In addition, an employer cannot take adverse action against an employee for caring for an individual subject to subsections (1) through (3) above.

The Ordinance became effective on May 20, 2020, and will expire (unless City Council intervenes) when the Commissioner of Public Health makes a written determination “that the threat to public health posed by COVID-19 has diminished to the point that [the] ordinance can safely be repealed.”


Continue Reading Chicago Employers: Allow Your Employees to Obey COVID-19 Public Health Orders, or Else

We hope you found last week’s video chat series helpful and informative. Due to popular demand, we are continuing this series of quick and bite-sized video chats, where our employment partners team up with practitioners in various areas of law to discuss the most pressing issues for employers navigating the return to work.

This series

Are They Right For You?

As the COVID-19 pandemic continues to wreak havoc on the global economy, United States employers are continuing to examine ways to reduce costs while at the same time both limiting the financial impact on employees and preserving their ability to ramp back up when circumstances allow. State short time compensation programs, also known as work share programs, provide one avenue for cost savings that may be appropriate for some employers.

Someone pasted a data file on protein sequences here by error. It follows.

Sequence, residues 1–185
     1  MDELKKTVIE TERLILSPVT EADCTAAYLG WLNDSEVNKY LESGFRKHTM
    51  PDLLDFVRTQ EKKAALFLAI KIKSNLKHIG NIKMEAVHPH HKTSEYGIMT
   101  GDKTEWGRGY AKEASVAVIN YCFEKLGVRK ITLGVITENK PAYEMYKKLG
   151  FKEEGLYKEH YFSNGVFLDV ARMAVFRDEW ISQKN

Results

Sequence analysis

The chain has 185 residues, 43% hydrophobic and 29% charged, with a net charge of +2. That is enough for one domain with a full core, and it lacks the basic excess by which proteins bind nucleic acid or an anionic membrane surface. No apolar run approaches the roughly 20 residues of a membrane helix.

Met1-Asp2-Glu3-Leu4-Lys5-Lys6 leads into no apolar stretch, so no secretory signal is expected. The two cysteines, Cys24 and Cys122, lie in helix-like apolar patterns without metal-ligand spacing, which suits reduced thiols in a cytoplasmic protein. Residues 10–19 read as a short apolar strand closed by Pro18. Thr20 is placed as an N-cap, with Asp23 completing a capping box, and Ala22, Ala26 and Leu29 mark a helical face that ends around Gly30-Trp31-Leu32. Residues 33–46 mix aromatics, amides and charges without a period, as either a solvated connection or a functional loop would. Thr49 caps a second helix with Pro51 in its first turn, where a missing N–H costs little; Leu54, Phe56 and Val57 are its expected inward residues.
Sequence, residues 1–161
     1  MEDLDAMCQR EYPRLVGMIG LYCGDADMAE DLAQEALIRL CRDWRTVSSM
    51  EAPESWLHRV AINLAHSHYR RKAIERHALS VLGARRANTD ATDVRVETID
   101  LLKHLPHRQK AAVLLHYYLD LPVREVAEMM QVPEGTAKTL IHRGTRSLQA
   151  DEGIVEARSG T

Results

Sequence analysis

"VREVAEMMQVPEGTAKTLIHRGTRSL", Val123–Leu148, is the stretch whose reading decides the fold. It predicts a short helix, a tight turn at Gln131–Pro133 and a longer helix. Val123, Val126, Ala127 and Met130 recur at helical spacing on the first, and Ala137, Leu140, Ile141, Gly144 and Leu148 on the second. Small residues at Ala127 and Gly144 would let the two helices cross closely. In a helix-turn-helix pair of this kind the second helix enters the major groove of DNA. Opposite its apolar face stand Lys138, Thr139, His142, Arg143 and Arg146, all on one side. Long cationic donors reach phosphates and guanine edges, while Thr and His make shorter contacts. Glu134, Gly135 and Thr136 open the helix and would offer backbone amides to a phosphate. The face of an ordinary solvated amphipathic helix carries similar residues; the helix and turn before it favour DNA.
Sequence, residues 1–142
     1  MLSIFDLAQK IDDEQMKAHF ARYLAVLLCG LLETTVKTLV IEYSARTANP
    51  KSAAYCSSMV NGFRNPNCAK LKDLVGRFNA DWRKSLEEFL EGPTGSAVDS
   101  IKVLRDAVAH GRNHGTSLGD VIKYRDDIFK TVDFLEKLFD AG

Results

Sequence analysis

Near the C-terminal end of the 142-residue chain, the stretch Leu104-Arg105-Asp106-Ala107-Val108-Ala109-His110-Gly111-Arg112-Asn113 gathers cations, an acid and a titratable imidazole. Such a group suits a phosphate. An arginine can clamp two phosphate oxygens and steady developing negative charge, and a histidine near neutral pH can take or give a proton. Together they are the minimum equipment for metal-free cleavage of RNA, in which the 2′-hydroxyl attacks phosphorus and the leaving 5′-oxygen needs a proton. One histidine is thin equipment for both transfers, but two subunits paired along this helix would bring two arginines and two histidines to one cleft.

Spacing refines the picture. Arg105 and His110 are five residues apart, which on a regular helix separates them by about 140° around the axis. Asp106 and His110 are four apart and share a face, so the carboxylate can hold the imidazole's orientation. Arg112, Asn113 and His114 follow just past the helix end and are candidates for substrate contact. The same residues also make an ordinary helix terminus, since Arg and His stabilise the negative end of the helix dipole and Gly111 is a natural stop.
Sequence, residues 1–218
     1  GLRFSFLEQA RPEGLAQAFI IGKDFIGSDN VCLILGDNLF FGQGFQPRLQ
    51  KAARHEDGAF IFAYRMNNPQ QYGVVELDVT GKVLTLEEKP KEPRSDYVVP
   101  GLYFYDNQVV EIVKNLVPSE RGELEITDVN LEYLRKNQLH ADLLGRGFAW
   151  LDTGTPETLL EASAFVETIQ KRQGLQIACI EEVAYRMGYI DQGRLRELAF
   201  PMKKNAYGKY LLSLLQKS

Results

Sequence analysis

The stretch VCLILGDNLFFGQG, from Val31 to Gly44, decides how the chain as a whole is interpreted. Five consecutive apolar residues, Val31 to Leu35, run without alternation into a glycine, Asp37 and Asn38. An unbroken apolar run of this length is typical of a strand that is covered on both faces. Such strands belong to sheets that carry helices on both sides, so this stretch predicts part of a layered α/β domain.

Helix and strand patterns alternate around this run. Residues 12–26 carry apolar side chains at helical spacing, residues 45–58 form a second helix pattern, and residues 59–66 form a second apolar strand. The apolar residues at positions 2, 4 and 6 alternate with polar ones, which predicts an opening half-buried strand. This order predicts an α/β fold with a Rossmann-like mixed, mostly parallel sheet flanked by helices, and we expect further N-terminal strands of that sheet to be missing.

Where available, these programs provide pro-rated unemployment compensation benefits to groups of workers whose hours are reduced by their employer on a temporary basis in lieu of layoffs. In addition, the recently passed Coronavirus Aid, Relief and Economic Security Act (“CARES Act”) provides a federally-funded $600 per week unemployment compensation supplement to those who participate in such programs through July 31, 2020.

This Alert provides additional details about state short time compensation programs and answers frequently asked questions about the pros and cons of participation.

Where are short time compensation programs available?

Currently, the following 27 jurisdictions have short time compensation programs in place: Arizona, Arkansas, California, Connecticut, District of Columbia, Florida, Iowa, Kansas, Maine, Maryland, Massachusetts, Michigan, Minnesota, Missouri, Nebraska, New Hampshire, New Jersey, New York, Ohio, Oregon, Pennsylvania, Rhode Island, Texas, Vermont, Washington and Wisconsin. The CARES Act provided federal funding for other states to enact short time compensation programs, so additional states may do so in the near term.


Continue Reading Short Time Compensation (Work Share) Programs